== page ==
The imaging capability of a surveillance vision system from harsh low-visibility environments such as in fire and detonation areas is a key function to monitor the safety of the facilities. 2D and range image data acquired from low-visibility environment are important data to assess the safety and prepare appropriate countermeasures. Passive vision systems, such as conventional camera and binocular stereo vision systems usually cannot acquire image information when the reflected light is highly scattered and absorbed by airborne particles such as fog. In addition, the image resolution captured through low-density airborne particles is decreased because the image is blurred and dimmed by the scattering, emission and absorption. Active vision systems, such as structured light vision and projected stereo vision are usually more robust for harsh environment than passive vision systems. However, the performance is considerably decreased in proportion to the density of the particles. The RGI system provides 2D and range image data from several RGI images and it moreover provides clear images from low-visibility fog and smoke environment by using the sum of time-sliced images. Nowadays, the Range-gated (RG) imaging is an emerging technology in the field of surveillance for security applications, especially in the visualization of invisible night and fog environment. Although RGI viewing was discovered in the 1960's, this technology is, nowadays becoming more applicable by virtue of the rapid development of optical and sensor technologies. Especially, this system can be adopted in robot-vision system by virtue of its compact portable configuration. In contrast to passive vision systems, this technology enables operation even in harsh environments like fog and smoke. During the past decades, several applications of this technology have been applied in target recognition and in harsh environments, such as fog, underwater vision. Also, this technology has been

  12. What Drives Bird Vision? Bill Control and Predator Detection Overshadow Flight

    Directory of Open Access Journals (Sweden)

    Graham R. Martin

    2017-11-01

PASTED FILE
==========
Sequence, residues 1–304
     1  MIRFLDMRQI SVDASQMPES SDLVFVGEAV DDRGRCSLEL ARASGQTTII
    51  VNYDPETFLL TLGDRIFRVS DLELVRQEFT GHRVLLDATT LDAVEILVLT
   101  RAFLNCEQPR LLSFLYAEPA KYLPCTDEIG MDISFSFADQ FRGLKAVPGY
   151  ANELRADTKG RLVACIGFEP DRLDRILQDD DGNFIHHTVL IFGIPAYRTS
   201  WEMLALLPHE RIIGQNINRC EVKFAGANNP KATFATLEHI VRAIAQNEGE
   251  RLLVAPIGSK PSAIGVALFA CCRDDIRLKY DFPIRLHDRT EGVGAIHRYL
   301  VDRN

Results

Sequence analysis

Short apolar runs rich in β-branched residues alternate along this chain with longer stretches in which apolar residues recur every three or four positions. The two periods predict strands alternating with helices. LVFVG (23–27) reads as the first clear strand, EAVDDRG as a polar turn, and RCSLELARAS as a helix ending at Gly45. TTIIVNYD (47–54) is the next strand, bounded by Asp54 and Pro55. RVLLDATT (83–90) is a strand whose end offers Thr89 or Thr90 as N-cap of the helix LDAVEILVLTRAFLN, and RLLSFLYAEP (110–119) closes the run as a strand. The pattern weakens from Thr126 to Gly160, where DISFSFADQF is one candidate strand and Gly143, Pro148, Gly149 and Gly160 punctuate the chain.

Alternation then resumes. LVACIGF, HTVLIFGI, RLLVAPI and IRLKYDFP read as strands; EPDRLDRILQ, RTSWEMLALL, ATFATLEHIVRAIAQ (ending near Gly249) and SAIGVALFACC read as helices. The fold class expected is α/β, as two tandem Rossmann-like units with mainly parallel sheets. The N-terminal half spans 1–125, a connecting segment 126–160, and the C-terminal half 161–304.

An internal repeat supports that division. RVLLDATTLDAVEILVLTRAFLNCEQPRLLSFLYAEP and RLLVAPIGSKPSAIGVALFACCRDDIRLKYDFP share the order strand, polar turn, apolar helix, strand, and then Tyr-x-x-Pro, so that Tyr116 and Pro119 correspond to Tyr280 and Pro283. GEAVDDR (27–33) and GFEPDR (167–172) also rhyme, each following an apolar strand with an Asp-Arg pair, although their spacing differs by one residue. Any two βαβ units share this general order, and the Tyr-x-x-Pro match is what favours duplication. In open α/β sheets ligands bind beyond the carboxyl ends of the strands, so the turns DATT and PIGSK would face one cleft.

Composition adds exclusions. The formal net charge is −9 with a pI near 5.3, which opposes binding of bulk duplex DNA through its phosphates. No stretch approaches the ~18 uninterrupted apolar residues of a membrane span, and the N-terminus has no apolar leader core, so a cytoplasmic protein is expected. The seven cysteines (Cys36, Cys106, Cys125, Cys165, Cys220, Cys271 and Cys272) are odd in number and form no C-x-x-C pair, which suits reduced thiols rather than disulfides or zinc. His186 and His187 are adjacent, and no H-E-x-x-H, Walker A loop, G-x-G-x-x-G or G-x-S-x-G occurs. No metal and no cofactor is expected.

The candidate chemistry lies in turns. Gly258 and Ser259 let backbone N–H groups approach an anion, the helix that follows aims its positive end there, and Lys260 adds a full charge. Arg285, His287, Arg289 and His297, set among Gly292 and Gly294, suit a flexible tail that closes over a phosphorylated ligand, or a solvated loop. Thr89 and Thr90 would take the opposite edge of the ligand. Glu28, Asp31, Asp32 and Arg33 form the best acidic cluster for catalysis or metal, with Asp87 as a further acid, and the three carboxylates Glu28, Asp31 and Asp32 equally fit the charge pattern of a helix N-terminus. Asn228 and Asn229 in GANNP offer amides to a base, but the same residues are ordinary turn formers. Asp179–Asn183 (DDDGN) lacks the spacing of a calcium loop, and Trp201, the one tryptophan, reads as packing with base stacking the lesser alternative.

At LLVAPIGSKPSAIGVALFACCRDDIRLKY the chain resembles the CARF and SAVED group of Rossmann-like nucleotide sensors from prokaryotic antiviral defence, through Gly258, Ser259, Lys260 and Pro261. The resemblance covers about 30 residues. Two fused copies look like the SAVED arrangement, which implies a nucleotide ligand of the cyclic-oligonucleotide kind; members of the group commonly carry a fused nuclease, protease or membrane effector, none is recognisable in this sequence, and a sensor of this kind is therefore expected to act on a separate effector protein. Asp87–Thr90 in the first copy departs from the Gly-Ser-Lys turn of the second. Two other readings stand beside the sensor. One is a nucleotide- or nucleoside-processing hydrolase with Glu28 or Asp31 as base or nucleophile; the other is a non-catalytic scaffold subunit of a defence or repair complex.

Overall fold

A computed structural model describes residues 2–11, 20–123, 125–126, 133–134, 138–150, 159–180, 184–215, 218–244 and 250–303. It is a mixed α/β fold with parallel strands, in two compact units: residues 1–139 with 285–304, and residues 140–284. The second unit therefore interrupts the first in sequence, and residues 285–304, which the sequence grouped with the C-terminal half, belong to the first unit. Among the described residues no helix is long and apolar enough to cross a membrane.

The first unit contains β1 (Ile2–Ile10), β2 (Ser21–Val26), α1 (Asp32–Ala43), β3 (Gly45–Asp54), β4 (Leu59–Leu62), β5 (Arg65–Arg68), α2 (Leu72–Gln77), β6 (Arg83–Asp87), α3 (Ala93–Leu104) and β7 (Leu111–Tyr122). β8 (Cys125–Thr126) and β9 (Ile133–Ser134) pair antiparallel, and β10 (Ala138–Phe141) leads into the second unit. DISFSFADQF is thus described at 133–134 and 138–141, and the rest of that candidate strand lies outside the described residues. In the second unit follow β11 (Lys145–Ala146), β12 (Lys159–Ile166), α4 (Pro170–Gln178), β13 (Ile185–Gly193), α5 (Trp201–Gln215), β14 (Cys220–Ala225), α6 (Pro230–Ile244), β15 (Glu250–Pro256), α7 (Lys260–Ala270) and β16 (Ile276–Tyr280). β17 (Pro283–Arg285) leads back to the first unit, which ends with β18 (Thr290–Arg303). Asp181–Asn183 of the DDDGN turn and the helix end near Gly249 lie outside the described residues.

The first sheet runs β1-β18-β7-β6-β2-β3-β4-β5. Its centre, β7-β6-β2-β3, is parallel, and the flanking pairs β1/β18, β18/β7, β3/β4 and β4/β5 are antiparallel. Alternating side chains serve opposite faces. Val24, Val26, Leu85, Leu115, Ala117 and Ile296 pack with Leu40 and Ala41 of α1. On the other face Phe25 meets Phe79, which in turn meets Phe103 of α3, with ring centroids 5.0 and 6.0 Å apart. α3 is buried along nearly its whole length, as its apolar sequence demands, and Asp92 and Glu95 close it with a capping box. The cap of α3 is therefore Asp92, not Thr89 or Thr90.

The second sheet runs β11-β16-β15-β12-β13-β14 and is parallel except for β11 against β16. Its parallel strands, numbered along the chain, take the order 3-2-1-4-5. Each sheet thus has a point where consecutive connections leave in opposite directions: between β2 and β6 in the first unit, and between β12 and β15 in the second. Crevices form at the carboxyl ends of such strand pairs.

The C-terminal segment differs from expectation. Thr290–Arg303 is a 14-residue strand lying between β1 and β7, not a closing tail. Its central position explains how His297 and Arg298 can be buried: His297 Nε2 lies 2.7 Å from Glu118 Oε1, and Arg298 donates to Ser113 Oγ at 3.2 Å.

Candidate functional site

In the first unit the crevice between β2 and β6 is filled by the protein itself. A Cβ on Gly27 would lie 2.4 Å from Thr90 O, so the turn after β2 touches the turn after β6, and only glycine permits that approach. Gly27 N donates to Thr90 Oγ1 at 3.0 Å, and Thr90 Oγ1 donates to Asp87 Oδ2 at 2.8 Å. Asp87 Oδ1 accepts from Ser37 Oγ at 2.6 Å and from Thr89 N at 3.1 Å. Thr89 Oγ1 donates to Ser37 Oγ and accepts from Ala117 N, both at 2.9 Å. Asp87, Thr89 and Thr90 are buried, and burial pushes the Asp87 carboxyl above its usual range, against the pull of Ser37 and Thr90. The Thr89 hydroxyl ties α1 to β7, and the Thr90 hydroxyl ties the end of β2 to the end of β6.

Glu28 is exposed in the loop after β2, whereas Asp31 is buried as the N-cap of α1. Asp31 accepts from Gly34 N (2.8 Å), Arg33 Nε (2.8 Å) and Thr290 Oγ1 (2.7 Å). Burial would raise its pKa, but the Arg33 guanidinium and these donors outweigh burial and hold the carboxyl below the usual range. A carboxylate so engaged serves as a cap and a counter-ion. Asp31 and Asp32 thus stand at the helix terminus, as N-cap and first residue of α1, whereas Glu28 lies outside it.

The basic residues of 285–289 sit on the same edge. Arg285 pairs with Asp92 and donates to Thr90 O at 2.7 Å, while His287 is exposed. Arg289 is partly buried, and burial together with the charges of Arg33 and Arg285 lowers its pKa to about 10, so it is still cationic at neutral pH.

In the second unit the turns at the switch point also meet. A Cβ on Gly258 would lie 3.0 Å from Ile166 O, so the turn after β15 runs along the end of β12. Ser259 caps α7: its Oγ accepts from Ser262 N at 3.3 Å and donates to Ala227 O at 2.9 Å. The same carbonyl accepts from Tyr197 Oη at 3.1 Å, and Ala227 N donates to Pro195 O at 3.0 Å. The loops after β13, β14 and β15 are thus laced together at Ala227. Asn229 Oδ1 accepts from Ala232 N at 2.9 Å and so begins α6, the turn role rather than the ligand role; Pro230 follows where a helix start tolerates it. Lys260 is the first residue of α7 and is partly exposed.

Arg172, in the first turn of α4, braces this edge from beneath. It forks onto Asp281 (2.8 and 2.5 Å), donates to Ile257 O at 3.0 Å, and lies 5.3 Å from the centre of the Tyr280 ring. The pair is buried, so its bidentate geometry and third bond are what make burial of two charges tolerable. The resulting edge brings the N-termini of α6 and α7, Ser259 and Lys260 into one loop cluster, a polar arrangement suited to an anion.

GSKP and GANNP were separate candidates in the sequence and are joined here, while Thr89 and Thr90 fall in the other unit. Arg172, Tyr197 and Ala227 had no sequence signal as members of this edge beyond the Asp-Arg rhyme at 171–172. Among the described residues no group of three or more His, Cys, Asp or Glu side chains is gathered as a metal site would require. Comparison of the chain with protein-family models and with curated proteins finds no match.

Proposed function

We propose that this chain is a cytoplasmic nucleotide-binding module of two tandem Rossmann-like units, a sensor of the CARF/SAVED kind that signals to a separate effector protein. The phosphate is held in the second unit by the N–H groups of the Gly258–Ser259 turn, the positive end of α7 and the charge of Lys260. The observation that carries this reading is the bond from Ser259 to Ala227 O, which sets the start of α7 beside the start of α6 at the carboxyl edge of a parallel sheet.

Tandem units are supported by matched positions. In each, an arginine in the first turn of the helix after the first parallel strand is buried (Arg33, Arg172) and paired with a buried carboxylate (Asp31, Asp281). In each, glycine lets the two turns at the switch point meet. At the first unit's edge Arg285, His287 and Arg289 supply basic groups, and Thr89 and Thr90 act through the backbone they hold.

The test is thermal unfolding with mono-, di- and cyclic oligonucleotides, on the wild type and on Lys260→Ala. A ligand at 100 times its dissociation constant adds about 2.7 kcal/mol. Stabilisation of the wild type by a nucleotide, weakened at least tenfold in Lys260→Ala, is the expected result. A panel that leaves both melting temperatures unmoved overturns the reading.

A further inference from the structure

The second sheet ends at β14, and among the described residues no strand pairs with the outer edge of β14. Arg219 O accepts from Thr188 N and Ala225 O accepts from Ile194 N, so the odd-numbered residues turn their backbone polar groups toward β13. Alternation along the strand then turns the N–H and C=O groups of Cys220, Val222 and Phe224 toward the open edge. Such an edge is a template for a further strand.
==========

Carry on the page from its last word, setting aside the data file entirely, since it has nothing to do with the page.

Full Text Available Although flight is regarded as a key behavior of birds this review argues that the perceptual demands for its control are met within constraints set by the perceptual demands of two other key tasks: the control of bill (or feet position, and the detection of food items/predators. Control of bill position, or of the feet when used in foraging, and timing of their arrival at a target, are based upon information derived from the optic flow-field in the binocular region that encompasses the bill. Flow-fields use information extracted from close to the bird using vision of relatively low spatial resolution. The detection of food items and predators is based upon information detected at a greater distance and depends upon regions in the retina with relatively high spatial resolution. The tasks of detecting predators and of placing the bill (or feet accurately, make contradictory demands upon vision and these have resulted in trade-offs in the form of visual fields and in the topography of retinal regions in which spatial resolution is enhanced, indicated by foveas, areas, and high ganglion cell densities. The informational function of binocular vision in birds does not lie in binocularity per se (i.e., two eyes receiving slightly different information simultaneously about the same objects but in the contralateral projection of the visual field of each eye. This ensures that each eye receives information from a symmetrically expanding optic flow-field centered close to the direction of the bill, and from this the crucial information of direction of travel and time-to-contact can be extracted, almost instantaneously. Interspecific comparisons of visual fields between closely related species have shown that small differences in foraging techniques can give rise to different perceptual challenges and these have resulted in differences in visual fields even within the same genus. This suggests that vision is subject to continuing and relatively rapid